KIKINO - Teachers, staff, and community elders have come together to support the Grandmother’s Ribbon campaign at the Kikino School.
The project is using traditional Metis beliefs and customs, to send a message of hope during challenging times caused by the coronavirus pandemic.
The Grandmother’s Ribbon campaign involves creating decorations with purple ribbons which is a healing colour, according to Metis elders, says Laurie Thompson, the principal at Kikino Elementary School.
Thompson says that it is an important campaign which brings the idea of unity and caring during the isolation of the pandemic.
“The ribbon was to be shared as a symbolic message to ourselves as women, to our families, and to the community about hope in these dark times,” said Thompson.
The campaign was spearheaded by Women of the Metis Nation — a national organization recognizing the roles and responsibilities of Metis women across Canada. The ribbon and the purple colour is highlighted on the website of the Women of the Metis Nation.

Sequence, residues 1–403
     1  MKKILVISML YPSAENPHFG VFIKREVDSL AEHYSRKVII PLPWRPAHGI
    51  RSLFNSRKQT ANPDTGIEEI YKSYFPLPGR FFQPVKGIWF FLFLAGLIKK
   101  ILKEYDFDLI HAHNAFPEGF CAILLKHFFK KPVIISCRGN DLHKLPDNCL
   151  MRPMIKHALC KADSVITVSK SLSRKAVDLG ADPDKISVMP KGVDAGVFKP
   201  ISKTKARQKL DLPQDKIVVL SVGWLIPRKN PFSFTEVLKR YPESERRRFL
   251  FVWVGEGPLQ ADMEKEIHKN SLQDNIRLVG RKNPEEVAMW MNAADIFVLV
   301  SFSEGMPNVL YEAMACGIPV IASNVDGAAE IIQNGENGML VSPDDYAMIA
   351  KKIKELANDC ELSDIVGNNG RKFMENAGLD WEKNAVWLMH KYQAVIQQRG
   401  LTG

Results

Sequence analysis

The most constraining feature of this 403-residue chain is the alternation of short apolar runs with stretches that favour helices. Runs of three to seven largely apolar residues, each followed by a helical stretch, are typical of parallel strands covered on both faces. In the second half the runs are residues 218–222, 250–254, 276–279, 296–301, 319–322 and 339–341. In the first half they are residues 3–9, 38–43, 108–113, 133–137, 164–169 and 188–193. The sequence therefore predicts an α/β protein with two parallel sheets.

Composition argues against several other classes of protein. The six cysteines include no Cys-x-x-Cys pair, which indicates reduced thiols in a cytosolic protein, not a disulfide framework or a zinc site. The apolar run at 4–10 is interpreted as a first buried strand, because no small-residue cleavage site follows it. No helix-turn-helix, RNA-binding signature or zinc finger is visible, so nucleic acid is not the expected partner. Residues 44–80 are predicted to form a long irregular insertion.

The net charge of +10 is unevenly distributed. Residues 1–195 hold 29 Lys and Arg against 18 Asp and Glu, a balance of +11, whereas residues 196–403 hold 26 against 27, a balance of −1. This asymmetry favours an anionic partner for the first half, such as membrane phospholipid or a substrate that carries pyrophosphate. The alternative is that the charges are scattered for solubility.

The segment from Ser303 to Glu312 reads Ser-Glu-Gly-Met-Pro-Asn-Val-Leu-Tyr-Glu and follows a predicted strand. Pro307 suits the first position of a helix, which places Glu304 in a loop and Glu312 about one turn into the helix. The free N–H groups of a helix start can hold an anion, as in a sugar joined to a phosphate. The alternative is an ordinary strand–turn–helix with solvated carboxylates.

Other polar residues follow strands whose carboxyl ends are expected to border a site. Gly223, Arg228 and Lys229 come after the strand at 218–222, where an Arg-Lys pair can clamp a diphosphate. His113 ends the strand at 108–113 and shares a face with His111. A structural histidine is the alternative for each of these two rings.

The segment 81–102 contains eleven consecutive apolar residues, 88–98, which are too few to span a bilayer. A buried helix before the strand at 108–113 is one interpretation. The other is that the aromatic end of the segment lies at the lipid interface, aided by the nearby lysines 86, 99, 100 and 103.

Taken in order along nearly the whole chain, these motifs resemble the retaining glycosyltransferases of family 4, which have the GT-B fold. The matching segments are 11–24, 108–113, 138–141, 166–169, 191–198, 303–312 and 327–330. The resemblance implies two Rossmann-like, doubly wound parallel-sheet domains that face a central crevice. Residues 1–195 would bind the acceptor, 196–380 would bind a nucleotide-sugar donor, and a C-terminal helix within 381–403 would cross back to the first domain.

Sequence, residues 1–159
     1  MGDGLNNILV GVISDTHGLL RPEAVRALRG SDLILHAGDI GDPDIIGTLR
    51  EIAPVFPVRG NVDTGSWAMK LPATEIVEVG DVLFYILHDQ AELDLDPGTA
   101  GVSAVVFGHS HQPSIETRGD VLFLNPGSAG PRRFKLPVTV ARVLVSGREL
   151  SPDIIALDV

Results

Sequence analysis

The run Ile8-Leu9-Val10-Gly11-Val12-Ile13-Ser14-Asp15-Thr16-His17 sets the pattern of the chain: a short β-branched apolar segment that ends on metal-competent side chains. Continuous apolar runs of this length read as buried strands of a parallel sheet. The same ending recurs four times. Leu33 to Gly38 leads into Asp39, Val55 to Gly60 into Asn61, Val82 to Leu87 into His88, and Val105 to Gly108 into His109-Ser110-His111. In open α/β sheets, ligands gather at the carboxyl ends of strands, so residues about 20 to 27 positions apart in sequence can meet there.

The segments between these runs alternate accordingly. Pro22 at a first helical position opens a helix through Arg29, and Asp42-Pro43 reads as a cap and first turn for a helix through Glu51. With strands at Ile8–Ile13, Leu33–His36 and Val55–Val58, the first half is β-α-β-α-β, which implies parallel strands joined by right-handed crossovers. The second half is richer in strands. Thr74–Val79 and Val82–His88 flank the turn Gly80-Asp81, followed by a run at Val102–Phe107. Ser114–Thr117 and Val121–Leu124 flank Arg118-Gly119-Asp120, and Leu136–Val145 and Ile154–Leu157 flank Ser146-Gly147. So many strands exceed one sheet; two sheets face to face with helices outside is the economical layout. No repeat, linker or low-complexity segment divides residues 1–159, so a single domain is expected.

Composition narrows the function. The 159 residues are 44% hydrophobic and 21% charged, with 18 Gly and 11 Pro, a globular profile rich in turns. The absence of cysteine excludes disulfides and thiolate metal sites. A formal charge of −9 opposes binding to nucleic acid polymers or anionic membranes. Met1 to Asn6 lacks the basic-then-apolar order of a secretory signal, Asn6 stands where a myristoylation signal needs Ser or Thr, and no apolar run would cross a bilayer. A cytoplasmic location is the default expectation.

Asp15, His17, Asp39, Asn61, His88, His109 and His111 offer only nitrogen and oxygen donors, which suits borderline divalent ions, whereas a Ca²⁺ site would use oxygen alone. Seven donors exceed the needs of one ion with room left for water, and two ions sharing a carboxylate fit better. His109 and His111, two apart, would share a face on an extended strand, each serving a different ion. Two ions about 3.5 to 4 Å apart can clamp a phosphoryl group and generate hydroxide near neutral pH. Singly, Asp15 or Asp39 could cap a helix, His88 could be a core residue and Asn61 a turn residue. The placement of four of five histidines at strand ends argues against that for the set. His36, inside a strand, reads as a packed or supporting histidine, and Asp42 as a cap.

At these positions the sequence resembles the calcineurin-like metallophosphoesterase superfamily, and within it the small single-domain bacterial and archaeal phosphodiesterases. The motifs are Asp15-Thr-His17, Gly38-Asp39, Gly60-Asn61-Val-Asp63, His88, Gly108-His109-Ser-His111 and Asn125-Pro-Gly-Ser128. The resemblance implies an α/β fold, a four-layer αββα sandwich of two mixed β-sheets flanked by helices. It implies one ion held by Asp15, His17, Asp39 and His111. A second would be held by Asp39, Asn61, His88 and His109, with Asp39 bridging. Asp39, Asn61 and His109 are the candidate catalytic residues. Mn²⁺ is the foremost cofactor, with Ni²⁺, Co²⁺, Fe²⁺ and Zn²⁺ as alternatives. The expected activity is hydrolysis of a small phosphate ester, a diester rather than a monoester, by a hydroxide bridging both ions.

“The ribbon itself is a beautiful light and dark purple, it’s got some shades of pink in it, and so those are symbolic of hope, light, and joy,” says Thompson, explaining that the grandmother portion of the campaign represents any person who has been through experiences and knows that elders have seen struggles and hardships, but also know that those challenges can be overcome.
“COVID-19 is really a moment in time, and the uncertainty and stress that comes with it will pass. Sometimes we think it’s forever, but it’s not - it will end,” said Thompson.
School officials have ordered two large boxes of the purple-coloured ribbon for any community members who would like to take part and show their support. Many areas of the school are already adorned with the colourful reminders of tradition and hope.
“The colour purple is healing so that we heal ourselves from our mental notions of this moment in time and that we continually self-reflect,” said Thompson. “The ribbon reminds us to create balance, harmony and awareness and have the collective power and wisdom of the grandmothers.”